The malware used for this attack is extremely innovative and advanced. For example, it resides in the RAM – the short-term memory of the computer – and tries very hard to avoid making any changes to the hard drive. Its “persistence mechanism” (or rather, its absence) is quite brilliant. Some very serious thinking went into it, and a great many man-hours of some very bright – criminal – minds were spent developing it, meaning millions of dollars were spent on it, too. It’s also likely that the attackers believed it was impossible to detect. Now, I’ve always taken a lot of pride in our people and our technologies, but that pride’s been given a major boost by this news. For it proves one thing: attacking us leads to just one outcome: you get caught – no matter how clever you are. And besides, our initial investigation shows that their catch was not all that impressive.

Although the attackers managed to get access to data related to Kaspersky Lab’s “R&D and new technologies” – and maybe that was the spies were after – it didn’t disrupt the operations and the Duqu 2.0 attack didn’t put Kaspersky’s customers and partners at risk, Kaspersky said.

But the bad guy spies were also after finding out about Kaspersky’s investigations, detection methods and analysis capabilities. “Since we’re well known for successfully fighting sophisticated threats, they sought this information to try stay under our radar. No chance,” Kaspersky wrote on the Kaspersky Lab blog. And if spying on their capabilities was what the attackers were after, it’s “accessible under licensing agreements (at least some of them)!”

The malware is impressively scary, although the Kaspersky Lab blog said to the attackers, “People living in glass houses shouldn’t throw stones.”

Governments attacking IT security companies is simply outrageous. We’re supposed to be on the same side as responsible nations, sharing the common goal of a safe and secure cyberworld. We share our knowledge to fight cybercrime and help investigations become more effective. There are many things we do together to make this cyberworld a better place. But now we see some members of this ‘community’ paying no respect to laws, professional ethics or common sense.

To me, it’s another clear signal we need globally-accepted rules of the game to curb digital espionage and prevent cyberwarfare. If various murky groups – often government-linked – treat the Internet as a Wild West with no rules and run amok with impunity, it will put the sustainable global progress of information technologies at serious risk. So I’m once again calling on all responsible governments to come together and agree on such rules, and to fight against cybercrime and malware, not sponsor and promote it.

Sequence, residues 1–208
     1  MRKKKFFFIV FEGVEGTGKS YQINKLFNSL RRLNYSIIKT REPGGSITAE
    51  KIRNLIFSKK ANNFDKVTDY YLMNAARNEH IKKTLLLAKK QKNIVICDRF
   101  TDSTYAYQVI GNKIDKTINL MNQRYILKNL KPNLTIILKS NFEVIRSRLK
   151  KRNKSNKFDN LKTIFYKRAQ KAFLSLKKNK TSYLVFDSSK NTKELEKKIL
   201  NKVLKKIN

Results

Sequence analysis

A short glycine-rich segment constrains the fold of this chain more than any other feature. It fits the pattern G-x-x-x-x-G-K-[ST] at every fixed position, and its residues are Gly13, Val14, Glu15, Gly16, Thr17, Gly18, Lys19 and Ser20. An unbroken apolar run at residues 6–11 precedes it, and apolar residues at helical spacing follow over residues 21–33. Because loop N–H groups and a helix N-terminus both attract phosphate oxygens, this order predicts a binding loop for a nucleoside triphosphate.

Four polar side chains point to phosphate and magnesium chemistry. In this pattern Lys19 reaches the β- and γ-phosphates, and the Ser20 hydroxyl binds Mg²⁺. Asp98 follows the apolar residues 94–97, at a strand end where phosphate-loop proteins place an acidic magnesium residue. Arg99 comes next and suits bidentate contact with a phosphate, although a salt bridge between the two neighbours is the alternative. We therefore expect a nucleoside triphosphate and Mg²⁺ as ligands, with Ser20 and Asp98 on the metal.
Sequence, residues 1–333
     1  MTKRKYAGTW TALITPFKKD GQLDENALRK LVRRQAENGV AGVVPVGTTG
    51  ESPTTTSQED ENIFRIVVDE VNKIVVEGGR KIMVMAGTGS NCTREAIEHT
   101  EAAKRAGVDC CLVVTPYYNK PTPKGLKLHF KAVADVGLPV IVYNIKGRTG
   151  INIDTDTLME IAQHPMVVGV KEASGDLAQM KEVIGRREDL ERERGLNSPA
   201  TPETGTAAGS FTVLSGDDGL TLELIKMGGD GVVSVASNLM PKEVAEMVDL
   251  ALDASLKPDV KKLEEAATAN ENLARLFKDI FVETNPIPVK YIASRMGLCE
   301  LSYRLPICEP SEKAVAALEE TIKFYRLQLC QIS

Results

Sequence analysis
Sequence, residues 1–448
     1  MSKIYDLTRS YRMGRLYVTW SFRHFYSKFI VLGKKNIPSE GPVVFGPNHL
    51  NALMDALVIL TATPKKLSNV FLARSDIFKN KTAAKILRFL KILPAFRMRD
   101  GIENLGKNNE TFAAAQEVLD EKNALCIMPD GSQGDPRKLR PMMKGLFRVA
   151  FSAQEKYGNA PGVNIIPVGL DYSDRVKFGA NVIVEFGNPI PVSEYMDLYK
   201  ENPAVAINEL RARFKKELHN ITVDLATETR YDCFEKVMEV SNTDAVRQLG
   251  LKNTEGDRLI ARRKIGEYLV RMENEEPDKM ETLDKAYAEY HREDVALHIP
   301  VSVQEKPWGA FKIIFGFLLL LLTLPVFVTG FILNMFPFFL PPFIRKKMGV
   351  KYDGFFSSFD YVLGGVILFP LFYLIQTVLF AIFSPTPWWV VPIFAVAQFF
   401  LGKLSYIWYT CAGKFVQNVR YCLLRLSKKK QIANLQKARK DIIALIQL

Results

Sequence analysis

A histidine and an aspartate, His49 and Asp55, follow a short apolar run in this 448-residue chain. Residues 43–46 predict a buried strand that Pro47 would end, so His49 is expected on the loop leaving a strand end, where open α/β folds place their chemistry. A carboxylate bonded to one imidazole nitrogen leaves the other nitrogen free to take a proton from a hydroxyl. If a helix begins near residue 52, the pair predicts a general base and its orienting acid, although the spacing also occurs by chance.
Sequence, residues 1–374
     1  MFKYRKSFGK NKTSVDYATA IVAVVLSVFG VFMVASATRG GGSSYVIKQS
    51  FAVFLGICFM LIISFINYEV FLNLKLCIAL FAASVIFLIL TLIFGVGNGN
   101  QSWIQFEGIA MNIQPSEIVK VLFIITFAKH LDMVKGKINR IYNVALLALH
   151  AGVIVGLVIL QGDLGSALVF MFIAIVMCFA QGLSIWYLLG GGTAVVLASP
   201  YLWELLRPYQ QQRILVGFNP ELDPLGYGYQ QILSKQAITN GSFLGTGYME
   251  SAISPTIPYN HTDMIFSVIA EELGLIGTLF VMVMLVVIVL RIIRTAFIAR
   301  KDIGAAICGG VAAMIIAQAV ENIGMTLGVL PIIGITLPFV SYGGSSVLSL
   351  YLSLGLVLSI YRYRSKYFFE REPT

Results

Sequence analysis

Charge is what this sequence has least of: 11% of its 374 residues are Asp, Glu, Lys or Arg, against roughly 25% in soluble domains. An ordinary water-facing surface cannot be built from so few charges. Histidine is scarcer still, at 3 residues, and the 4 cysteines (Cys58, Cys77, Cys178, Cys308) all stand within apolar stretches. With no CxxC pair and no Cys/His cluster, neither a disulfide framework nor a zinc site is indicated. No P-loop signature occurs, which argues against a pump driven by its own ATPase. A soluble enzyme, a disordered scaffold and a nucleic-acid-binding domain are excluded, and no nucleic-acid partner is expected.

“By targeting Kaspersky Lab, the Duqu attackers have probably taken a huge bet hoping they’d remain undiscovered; and lost,” concludes the Duqu 2.0 (pdf) technical paper. “For a security company, one of the most difficult things is to admit falling victim to a malware attack. At Kaspersky Lab, we strongly believe in transparency, which is why we are publishing the information herein.”

Securelist advised “to check your network for Duqu’s 2.0 presence” as it lists several indicators of compromise, or you can use the open IOC file. Articles detailing Duqu 2.0 are popping up all over the place, but I highly recommend reading the technical paper for yourself. Other Duqu 2.0 victims included a certificate authority in Hungary, companies in the Industrial Control System sector, industrial computers and P5+1 events and venues related to negotiating with Iran over its nuclear program.

Additionally, Symantec discovered Duqu 2.0 attackers have no shortage of targets, having gone after “a European telecoms operator, a North African telecoms operator, and a South East Asian electronic equipment manufacturer. Infections were also found on computers located in the US, UK, Sweden, India, and Hong Kong.”

“Duqu 2.0 is a fully featured information-stealing tool that is designed to maintain a long term, low profile presence on the target’s network,” Symantec said. “Its creators have likely used it as one of their main tools in multiple intelligence gathering campaigns.”

Yeah, so about that patch Microsoft rated as “important” … you might get on that right away and think of it more along the lines of critical. Don’t be surprised the patch only ranked as “important” to Microsoft; after all, the company only successfully patched Stuxnet in March 2015. Yes Microsoft did release a patch for Stuxnet in 2010, but as HP’s Zero Day Initiative said, “The patch failed. And for more than four years, all Windows systems have been vulnerable to exactly the same attack that Stuxnet used for initial deployment.”